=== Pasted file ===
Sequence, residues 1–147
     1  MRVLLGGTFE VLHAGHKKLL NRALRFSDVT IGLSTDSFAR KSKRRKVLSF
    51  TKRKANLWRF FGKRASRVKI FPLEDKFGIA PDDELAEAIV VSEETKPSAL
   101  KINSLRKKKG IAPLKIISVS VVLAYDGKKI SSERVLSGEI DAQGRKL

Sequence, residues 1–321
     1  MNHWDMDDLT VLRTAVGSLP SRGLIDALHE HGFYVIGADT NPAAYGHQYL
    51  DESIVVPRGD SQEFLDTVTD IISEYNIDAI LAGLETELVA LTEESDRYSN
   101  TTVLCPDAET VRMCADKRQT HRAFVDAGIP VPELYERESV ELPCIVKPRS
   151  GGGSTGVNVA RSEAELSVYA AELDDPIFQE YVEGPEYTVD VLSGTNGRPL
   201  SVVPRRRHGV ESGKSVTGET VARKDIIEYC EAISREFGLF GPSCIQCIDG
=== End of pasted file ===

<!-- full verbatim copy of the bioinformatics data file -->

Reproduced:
Sequence, residues 1–147
     1  MRVLLGGTFE VLHAGHKKLL NRALRFSDVT IGLSTDSFAR KSKRRKVLSF
    51  TKRKANLWRF FGKRASRVKI FPLEDKFGIA PDDELAEAIV VSEETKPSAL
   101  KINSLRKKKG IAPLKIISVS VVLAYDGKKI SSERVLSGEI DAQGRKL

Sequence, residues 1–321
     1  MNHWDMDDLT VLRTAVGSLP SRGLIDALHE HGFYVIGADT NPAAYGHQYL
    51  DESIVVPRGD SQEFLDTVTD IISEYNIDAI LAGLETELVA LTEESDRYSN
   101  TTVLCPDAET VRMCADKRQT HRAFVDAGIP VPELYERESV ELPCIVKPRS
   151  GGGSTGVNVA RSEAELSVYA AELDDPIFQE YVEGPEYTVD VLSGTNGRPL
   201  SVVPRRRHGV ESGKSVTGET VARKDIIEYC EAISREFGLF GPSCIQCIDG